The women of the NRIGG continued to make their bags and purses and, in 2007, they even started to sell them to people in America, with the help of friends Isatou had made through her work. They began to think of ideas for using other types of waste. They turned food waste into compost for their vegetable plots. They sold scrap metal, turned bike tyres into jewellery, and crafted colourful bags from old rice sacks. They made beads from paper and even learned how to turn truck tyres into armchairs and stools. They made skipping ropes and used leftover bits of plastic bags to stuff footballs, so that local children had toys to play with.
And there were other ways they could help the environment too. People usually burned charcoal for fuel, and this was made from trees cut down from the local forest. The women found a way to combine old coconut husks, mango leaves and dried grass to make briquettes. These burned just as well as charcoal, but were cheaper and saved trees. They started to sell these alongside their upcycled crafts.
Soon the women had run out of plastic bags and other useful waste in N’jau, so they started to collect these from neighbouring villages and shared their knowledge about plastic and upcycling with the people there. In 2009, Isatou got a job leading a women’s project for the Swedish NGO, or non-profit organisation, Future In Our Hands. This gave her the opportunity to work with many more communities throughout the Gambia, while also continuing her own education by studying for a diploma in community development.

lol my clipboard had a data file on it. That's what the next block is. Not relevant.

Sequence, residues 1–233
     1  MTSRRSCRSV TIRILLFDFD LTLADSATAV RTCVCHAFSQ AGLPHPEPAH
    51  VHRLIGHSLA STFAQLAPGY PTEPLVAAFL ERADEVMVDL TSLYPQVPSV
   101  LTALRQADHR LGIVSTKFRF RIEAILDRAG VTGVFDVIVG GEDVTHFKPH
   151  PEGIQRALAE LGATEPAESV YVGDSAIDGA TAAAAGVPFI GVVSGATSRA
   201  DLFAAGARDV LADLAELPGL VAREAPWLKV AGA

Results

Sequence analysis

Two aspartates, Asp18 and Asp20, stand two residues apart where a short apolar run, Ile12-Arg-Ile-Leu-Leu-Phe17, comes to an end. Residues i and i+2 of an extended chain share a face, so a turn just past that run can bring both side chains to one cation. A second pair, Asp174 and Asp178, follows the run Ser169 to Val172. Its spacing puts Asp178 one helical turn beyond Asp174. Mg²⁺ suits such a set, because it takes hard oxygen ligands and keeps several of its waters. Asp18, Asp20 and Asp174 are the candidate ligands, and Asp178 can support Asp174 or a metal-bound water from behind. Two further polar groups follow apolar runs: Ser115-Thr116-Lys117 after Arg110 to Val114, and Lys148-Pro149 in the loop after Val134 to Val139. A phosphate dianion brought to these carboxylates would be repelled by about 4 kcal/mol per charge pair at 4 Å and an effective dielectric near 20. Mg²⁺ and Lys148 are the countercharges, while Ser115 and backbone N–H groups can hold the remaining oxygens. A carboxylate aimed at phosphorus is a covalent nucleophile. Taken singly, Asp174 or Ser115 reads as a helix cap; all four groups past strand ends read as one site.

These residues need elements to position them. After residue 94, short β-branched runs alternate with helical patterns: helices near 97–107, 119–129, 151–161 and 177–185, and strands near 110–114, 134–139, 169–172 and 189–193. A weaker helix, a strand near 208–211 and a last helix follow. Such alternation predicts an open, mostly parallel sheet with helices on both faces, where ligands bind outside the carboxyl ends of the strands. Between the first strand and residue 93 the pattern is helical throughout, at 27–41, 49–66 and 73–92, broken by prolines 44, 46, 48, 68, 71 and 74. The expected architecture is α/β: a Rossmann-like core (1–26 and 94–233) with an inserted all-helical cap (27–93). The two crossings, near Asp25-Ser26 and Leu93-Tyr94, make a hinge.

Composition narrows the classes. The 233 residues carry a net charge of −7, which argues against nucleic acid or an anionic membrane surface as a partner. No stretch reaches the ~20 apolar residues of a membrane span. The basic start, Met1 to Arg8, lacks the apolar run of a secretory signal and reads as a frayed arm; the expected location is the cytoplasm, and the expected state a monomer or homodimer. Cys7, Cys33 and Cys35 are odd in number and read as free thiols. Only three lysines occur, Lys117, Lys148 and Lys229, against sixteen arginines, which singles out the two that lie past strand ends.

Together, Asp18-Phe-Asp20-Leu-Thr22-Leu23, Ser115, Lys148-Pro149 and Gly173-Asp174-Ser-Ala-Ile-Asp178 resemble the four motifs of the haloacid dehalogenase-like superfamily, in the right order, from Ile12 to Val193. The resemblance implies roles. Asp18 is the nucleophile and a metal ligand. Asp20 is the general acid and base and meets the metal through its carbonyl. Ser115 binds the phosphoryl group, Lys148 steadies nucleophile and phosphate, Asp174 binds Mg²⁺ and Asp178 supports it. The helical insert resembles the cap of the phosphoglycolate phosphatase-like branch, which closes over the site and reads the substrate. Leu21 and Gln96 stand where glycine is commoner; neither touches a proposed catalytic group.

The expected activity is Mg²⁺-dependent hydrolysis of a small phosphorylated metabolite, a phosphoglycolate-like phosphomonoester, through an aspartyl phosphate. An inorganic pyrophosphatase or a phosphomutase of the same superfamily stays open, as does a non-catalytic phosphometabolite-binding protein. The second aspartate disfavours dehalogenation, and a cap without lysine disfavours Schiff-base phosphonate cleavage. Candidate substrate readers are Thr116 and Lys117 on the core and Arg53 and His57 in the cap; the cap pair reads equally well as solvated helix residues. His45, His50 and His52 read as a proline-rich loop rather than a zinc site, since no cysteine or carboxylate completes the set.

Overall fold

In 2012, Isatou won a Making a World of Difference Award from the International Alliance for Women. Two years later, NRIGG became the Women’s Initiative Gambia, and today Isatou has trained over 11,000 people all over her country in the dangers of plastic and the opportunities for upcycling waste. But her work has had an even bigger impact as, in 2015, the Gambia’s government banned the import and use of plastic bags.
When she first started making her purses, all those years ago, Isatou’s aims had been to solve the problem of plastic waste and allow women to earn money to support their families. Now she dreams of seeing more women leaders in her country. There are now five women on the N’jau village council, something Isatou would never have imagined possible. And as a mother to three sons, she sees it as her duty to leave the world a better place for future generations. She wants all children to have the chance to go to school. If they are taught to care about the environment, she explains, then we’ll be leaving the planet in good hands.
Isatou has travelled all around the world to share her story, but she’s always happy to return home to N’jau. Today, her village is clean and tidy and you won’t find plastic bags piled in the streets. But she still remembers the villagers’ struggle with waste. Where others saw a problem, Isatou saw an opportunity – an opportunity to create a healthier environment, but above all an opportunity to change people’s lives.
The above story was written by writer Lily Dyu for her beautifully illustrated book Earth Heroes published by Nosy Crow publishing.
Climate Heroes collaborated with Earth Heroes to publish several of their stories on the website.
Publication date: 03 Oct 2019
Size: 138 x 204 mm
Length: 272 pages